Green Card pays attention only to Green Card directives, each of which
starts with a ``%'' at the beginning of a line. All other lines
are passed through to the output Haskell file unchanged.
The syntax of Green Card directives is as follows (the syntax for
dis is given in Section 9.1):
Program : Declaration_1
Declaration_n n >= 1
Declaration : Procedure
| '%const' [Var] [Var1 .. Varn]
| '%enum' [Var] Derivings
Type [Var1 .. Varn]
| '%dis' [Var1] [Var1 .. Varn] '=' dis
| '%#include' Filename
| '%prefix' Var
| '%C' ccode
Procedure : [Signature] [call] [ccode] [result]
Signature : '%fun' Var :: Type
Type : Var
| Var Type
| Type '->' Type
| '(' Type_1, ... , Type_n ')' n >= 1
Call : '%call' Dis_1 ... Dis_n
Result : '%fail' Cexp Cexp [Result]
| '%end' Cexp
| '%result' Dis
Cexp : anything up until '}' is encountered.
Ccode : '%code' Var
| '%safecode' Var
Filename : '<' Var '>'
| '"' Var '"'
Green Card understands the following directives:
%fun begins a procedure specification, which describes
the interface to a single C procedure, see Section 6.
%dis allows the programmer to describe a new
Data Interface Scheme (DIS). A DIS describes how to translate,
or marshall, data from Haskell to C and back again, see Section 9.
%const makes it easy to generate a collection of new Haskell
constants derived from C constants. This can be done with %fun, but
%const is much more concise, see Section 8.1.
%enum is similar to %const, but supports the mapping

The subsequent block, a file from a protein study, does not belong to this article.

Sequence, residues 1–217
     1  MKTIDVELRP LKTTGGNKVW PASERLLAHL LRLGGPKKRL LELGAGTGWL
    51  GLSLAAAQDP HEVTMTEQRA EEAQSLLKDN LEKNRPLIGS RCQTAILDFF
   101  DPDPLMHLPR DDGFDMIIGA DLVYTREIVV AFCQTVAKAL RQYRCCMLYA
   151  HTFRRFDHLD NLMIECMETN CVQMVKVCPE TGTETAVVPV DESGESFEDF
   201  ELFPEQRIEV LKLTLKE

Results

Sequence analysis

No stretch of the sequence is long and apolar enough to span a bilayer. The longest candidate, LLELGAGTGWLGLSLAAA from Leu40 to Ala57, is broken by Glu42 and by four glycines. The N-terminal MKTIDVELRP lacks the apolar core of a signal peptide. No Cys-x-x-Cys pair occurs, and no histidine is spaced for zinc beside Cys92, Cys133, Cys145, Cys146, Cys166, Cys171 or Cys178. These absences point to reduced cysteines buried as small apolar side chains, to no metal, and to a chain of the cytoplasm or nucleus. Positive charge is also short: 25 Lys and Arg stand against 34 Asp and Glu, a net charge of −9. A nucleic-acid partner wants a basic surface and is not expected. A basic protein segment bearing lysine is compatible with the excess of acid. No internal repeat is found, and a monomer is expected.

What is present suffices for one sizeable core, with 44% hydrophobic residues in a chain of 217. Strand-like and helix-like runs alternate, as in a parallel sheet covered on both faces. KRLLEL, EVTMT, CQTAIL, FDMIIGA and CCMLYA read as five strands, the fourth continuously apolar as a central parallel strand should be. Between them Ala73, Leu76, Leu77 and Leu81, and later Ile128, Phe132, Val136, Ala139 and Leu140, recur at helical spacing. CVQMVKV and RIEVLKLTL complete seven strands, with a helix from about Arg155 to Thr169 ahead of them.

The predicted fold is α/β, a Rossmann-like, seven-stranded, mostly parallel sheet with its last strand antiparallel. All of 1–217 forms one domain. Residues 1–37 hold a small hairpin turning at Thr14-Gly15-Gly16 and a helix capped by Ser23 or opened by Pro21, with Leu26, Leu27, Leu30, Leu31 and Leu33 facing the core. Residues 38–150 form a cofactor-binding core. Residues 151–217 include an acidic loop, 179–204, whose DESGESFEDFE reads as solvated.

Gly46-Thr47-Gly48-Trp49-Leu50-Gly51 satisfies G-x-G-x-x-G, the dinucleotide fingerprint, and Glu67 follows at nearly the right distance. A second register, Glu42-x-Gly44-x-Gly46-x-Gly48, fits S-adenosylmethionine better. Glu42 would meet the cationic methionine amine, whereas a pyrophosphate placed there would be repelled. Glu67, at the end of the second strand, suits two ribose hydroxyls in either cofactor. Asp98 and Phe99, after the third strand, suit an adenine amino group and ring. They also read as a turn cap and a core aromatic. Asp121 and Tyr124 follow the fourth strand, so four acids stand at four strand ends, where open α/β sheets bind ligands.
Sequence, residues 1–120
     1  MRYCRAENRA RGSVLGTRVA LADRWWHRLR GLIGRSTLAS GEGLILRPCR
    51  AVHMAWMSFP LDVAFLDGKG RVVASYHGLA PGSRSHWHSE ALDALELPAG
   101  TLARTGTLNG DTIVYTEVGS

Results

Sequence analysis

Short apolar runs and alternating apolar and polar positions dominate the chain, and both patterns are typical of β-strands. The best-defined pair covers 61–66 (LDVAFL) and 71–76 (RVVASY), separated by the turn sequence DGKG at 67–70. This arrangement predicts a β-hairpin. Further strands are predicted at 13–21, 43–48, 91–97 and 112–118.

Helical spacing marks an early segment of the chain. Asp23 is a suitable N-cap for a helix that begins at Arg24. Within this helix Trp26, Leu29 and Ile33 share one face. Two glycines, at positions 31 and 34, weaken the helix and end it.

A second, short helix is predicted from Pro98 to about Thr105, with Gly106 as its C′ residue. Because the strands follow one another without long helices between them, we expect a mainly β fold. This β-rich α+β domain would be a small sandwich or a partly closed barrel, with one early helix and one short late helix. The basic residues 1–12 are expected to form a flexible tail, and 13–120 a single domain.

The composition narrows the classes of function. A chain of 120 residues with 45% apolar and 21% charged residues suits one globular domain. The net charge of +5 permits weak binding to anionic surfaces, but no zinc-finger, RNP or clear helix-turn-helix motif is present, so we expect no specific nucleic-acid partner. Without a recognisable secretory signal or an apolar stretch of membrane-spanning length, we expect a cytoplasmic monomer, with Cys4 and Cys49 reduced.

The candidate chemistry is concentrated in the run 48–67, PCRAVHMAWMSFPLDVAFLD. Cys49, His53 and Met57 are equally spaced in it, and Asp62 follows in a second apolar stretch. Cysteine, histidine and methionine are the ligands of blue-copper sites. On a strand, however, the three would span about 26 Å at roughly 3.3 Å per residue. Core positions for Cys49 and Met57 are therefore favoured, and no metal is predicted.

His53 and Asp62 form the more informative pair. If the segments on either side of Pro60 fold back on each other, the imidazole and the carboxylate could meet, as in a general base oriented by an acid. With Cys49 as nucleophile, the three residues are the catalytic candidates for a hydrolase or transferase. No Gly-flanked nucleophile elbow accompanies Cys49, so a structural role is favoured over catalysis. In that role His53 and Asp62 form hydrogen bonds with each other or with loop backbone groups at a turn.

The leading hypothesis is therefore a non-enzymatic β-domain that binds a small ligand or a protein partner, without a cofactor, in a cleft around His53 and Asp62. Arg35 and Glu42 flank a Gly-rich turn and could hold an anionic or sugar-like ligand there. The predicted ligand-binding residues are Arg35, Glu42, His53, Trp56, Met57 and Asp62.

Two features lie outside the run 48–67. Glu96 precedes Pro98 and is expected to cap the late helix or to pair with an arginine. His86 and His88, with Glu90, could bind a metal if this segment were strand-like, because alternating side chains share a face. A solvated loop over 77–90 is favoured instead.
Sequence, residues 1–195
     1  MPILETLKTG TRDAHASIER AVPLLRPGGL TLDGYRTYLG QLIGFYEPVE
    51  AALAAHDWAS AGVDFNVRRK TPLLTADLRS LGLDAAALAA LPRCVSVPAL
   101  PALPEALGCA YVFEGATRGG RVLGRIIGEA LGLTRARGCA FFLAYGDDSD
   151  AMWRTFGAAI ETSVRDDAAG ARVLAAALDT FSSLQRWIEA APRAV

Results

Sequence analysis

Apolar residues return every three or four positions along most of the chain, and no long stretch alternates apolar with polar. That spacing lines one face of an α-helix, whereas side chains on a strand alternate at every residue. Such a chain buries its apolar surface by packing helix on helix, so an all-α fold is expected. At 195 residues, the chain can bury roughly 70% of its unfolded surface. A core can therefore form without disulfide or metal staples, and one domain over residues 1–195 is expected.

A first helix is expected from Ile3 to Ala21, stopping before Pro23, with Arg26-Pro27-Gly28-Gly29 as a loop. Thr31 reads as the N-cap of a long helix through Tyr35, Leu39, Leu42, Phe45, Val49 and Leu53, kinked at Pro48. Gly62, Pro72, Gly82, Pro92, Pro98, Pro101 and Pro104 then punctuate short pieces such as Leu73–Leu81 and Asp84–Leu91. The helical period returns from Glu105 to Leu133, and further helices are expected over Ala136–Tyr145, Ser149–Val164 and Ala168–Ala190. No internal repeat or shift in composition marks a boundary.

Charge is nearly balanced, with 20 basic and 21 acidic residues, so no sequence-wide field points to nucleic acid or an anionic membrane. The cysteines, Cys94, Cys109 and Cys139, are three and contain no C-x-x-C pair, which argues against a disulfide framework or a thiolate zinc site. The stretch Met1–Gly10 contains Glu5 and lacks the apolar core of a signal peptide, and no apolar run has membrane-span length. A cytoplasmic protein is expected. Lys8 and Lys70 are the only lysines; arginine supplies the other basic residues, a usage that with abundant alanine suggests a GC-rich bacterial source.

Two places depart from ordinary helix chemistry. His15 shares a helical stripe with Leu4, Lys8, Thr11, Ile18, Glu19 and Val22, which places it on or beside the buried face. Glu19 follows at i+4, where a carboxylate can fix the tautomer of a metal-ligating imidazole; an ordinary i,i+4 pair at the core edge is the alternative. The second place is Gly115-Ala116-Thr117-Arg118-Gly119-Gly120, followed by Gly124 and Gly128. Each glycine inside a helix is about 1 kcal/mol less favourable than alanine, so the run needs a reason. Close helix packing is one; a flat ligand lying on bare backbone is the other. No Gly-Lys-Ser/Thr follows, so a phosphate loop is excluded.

of external constants to a corresponding Haskell data type, see
%prefix makes it easy to remove standard prefixes from the
Haskell function name, those are usually not needed since Haskell
allows qualified imports, see Section 8.3.
Procedure specifications can, as we shall see, contain fragments
of C. %#include tells Green Card to arrange that a specified
C header file will be included with the C code in the procedure
specifications when the latter is fed to a C compiler, see
``%C'' allows you to write fragments of C code which sits
outside any procedure specification. (We shall later see how to
include fragments of C code within procedures.) The entire line
of text following this directive is simply copied verbatim to the
generated C module.
A directive can span more than one line, but the continuation lines
must each start with a % followed by some whitespace. For
%fun draw :: Int -- Length in pixels
% -> Maybe Int -- Width in pixels
% -> IO ()
Haskell-style comments are permitted in Green Card directives (except,
for obvious reasons, ``%C''.)
A general principle we have followed is to define a single, explicit
(and hence long-winded) general mechanism, that should deal with just
about anything, and then define convenient abbreviations that save the
programmer from writing out the general mechanism in many common
cases. We have erred on the conservative side in defining such
abbreviations; that is, we have only defined an abbreviation where
doing without it seemed unreasonably long-winded, and where there
seemed to be a systematic way of defining an abbreviation.